We’ve been finding out what makes the new Head of Cranbrook School, David Clark, tick
With his passion for travel, languages and an internationalist outlook, David Clark enjoys the dynamism of Cranbrook School’s thriving and diverse community
Tell us about your own experience of education.
I was born and brought up overseas and was therefore packed off to boarding school in the mid-1970s, which was an ‘interesting’ experience. My teachers identified some academic talent and I was therefore put into the fast stream which came as something of a surprise. Alas, like many of my contemporaries, I came up with a thousand reasons why I couldn’t focus on my studies and, instead, found time to pursue my many sporting passions. Needless to say, I got rather a shock when my O Level results were revealed, but that period of underperformance gave me the kick I needed and I achieved much better at A Level and beyond. From school, I went to study for a history degree at Exeter and played rugby and hockey for the university. My PGCE was taken at Cambridge and I returned four years later to complete my Master’s degree in Education Management where my research on boys’ underachievement was published.
What drew you towards Cranbrook?
I was drawn by its fine reputation, many achievements and broad grammar intake as well as by its wonderful location and tradition of education for character. Cranbrook’s dedicated staff and engaging students alongside a commitment to pastoral care, its enviable co-curricular provision and its special boarding dimension were also especially attractive. The School’s mission, motto and values and its aim to blend the traditions of the state and independent sectors successfully were equally compelling and its ethos was one that I wholeheartedly supported.
What is your vision for Cranbrook?
We have a collective vision to ensure that Cranbrook becomes celebrated nationally as the best state boarding school in the country – where students are inspired academically, where they embrace many new opportunities beyond the curriculum and where they develop impressive soft skills that will serve them well throughout their adult lives.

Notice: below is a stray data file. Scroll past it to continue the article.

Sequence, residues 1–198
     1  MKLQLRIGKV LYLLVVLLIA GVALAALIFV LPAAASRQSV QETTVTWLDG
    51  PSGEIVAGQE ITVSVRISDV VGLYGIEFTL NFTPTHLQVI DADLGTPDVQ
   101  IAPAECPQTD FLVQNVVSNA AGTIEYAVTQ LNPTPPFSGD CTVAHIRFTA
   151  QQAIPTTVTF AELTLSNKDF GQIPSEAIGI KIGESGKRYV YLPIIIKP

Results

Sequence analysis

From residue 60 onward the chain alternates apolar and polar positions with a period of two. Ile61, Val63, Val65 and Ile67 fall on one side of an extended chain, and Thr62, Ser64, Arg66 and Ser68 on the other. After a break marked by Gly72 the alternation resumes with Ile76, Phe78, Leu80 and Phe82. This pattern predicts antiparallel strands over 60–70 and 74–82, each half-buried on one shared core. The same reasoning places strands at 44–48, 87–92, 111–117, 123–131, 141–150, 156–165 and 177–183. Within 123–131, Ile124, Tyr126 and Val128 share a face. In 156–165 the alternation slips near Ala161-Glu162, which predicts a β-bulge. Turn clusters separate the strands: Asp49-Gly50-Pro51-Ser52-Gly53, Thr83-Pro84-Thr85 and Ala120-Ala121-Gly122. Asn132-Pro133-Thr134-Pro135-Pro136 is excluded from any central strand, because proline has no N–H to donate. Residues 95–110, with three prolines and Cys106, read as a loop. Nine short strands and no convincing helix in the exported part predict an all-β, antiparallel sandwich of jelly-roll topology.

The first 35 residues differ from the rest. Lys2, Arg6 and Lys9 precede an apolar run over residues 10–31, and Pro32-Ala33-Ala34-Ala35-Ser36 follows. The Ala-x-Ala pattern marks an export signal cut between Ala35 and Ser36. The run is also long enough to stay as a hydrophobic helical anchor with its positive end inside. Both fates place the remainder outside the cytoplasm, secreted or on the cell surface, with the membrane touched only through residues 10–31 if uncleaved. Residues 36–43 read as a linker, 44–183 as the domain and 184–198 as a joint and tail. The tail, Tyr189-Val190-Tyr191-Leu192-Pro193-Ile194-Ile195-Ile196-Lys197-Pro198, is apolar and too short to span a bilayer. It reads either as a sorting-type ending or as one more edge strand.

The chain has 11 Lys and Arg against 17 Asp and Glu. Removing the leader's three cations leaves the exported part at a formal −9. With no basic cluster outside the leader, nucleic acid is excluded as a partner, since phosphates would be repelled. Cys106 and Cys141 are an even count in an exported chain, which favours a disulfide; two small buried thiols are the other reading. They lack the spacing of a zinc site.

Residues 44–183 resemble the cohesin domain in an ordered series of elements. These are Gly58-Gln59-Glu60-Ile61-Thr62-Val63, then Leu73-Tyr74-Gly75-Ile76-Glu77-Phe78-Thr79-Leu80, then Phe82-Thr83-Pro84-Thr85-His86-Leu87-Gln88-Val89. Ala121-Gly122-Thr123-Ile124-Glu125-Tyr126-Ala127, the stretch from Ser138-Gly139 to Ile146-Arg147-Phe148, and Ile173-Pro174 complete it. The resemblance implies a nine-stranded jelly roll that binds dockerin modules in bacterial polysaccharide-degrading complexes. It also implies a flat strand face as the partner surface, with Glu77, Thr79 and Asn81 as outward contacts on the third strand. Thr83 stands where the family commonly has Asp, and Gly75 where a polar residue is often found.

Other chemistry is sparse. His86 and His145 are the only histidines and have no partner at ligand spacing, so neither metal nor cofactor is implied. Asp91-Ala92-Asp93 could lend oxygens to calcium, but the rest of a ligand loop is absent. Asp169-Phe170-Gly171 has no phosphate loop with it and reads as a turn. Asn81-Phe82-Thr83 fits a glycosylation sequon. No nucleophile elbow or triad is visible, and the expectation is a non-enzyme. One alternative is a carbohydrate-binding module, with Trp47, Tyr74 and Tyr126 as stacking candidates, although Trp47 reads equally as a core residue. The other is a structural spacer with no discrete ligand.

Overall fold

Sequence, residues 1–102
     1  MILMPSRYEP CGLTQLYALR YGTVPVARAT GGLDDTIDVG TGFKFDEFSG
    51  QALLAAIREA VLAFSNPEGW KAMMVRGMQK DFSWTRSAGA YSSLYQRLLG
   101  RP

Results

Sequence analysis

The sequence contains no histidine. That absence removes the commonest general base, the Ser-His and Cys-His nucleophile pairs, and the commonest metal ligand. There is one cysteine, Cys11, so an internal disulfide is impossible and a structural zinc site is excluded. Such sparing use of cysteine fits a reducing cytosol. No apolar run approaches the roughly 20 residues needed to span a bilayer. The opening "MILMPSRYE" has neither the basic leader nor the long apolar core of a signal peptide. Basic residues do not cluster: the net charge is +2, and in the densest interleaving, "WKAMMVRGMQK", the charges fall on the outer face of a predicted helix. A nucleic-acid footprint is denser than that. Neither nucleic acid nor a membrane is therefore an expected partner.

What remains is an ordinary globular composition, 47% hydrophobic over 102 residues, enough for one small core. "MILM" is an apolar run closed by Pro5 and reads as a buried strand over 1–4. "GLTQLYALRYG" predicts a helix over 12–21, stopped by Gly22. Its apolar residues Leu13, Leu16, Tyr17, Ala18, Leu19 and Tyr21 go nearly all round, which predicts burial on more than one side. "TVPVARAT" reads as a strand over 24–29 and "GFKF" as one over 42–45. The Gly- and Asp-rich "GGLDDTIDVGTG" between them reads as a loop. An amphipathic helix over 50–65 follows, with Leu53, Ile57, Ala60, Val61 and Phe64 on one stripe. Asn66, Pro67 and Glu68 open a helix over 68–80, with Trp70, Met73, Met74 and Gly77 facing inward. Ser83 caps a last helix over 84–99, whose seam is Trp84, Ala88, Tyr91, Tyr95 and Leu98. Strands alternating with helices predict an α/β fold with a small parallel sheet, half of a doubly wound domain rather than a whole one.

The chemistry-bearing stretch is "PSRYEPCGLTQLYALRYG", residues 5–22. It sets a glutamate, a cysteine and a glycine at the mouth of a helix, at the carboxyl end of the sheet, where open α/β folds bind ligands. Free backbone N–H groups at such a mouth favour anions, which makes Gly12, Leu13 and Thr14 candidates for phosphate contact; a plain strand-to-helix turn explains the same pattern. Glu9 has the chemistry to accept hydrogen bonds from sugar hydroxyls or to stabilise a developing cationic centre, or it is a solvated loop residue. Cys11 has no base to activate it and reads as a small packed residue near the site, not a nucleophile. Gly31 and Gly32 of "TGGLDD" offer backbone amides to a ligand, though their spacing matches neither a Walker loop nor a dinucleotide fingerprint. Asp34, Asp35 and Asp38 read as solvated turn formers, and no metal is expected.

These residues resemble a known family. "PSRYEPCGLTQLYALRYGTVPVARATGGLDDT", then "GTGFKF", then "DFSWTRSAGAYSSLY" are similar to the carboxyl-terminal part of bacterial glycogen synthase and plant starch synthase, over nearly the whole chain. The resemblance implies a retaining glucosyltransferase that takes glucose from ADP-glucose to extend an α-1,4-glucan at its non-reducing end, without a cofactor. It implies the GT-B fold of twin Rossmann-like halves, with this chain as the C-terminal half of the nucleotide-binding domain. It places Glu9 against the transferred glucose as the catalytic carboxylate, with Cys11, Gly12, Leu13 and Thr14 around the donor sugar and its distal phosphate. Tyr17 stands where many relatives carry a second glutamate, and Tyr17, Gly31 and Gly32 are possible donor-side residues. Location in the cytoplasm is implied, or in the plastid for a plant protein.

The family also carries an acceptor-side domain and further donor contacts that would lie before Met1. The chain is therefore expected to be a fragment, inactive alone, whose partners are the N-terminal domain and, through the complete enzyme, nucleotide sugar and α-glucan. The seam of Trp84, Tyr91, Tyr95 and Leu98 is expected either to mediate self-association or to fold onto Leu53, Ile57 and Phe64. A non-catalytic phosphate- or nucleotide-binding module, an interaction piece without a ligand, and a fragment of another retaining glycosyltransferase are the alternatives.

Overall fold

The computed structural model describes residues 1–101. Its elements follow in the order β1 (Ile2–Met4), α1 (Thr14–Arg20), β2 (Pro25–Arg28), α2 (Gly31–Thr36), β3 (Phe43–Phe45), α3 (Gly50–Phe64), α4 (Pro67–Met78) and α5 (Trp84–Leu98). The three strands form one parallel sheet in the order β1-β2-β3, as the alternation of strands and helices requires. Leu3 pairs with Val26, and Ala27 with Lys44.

What are your thoughts on the holistic development of students?
Holistic education seeks to engage all aspects of the learner and this is fundamental to developing educational breadth in our students. In order to prepare Cranbrookians for their futures, we need to ensure that they have strong academic foundations but we must also widen their horizons beyond the classroom. Much valuable learning can be done in our societies, on school trips, on the sports pitch and in the orchestra or choir. Equally, we must remember to embrace lessons from those around us in the boarding house, in the common rooms or in the local community.
What are the biggest challenges that face schools today?
The phrase ‘we live in interesting times’ should be re-worded to say that we live in interesting and highly complex times and I can’t remember a period when schools faced more challenges. Teachers are presented with bigger bureaucratic burdens than ever and students are still struggling with the aftermath of Covid. Added to that, schools are caught up in the so-called culture wars and need to navigate their way through a range of emotive topics with care and sensitivity. Additionally, the world of education needs to better understand the new learning frontier provided by breakthroughs in AI and we need to embrace this particular challenge as the development of artificial intelligence is likely to dominate our lives in the coming years.
What advice would you give to the students of Cranbrook to excel academically, develop as individuals, and prepare for their future?
My best advice to Cranbrookians is to embody the school values of kindness, integrity, aspiration, curiosity and individualism. If students embed these guiding principles, I am confident that they can better prepare for their complex and uncertain futures and are more likely to make meaningful and significant contributions to the world around them.
What is your favourite book?
I go through phases with books but I am currently enjoying anything by William Boyd. Any Human Heart is a good example of his style which I enjoy as he often deals with broad historical themes and develops fascinating characters. Equally, I love discovering new children’s books for my young boys and books by Oliver Jeffers are particular favourites… and great fun.
You can find out more about Cranbrook School at cranbrookschool.co.uk
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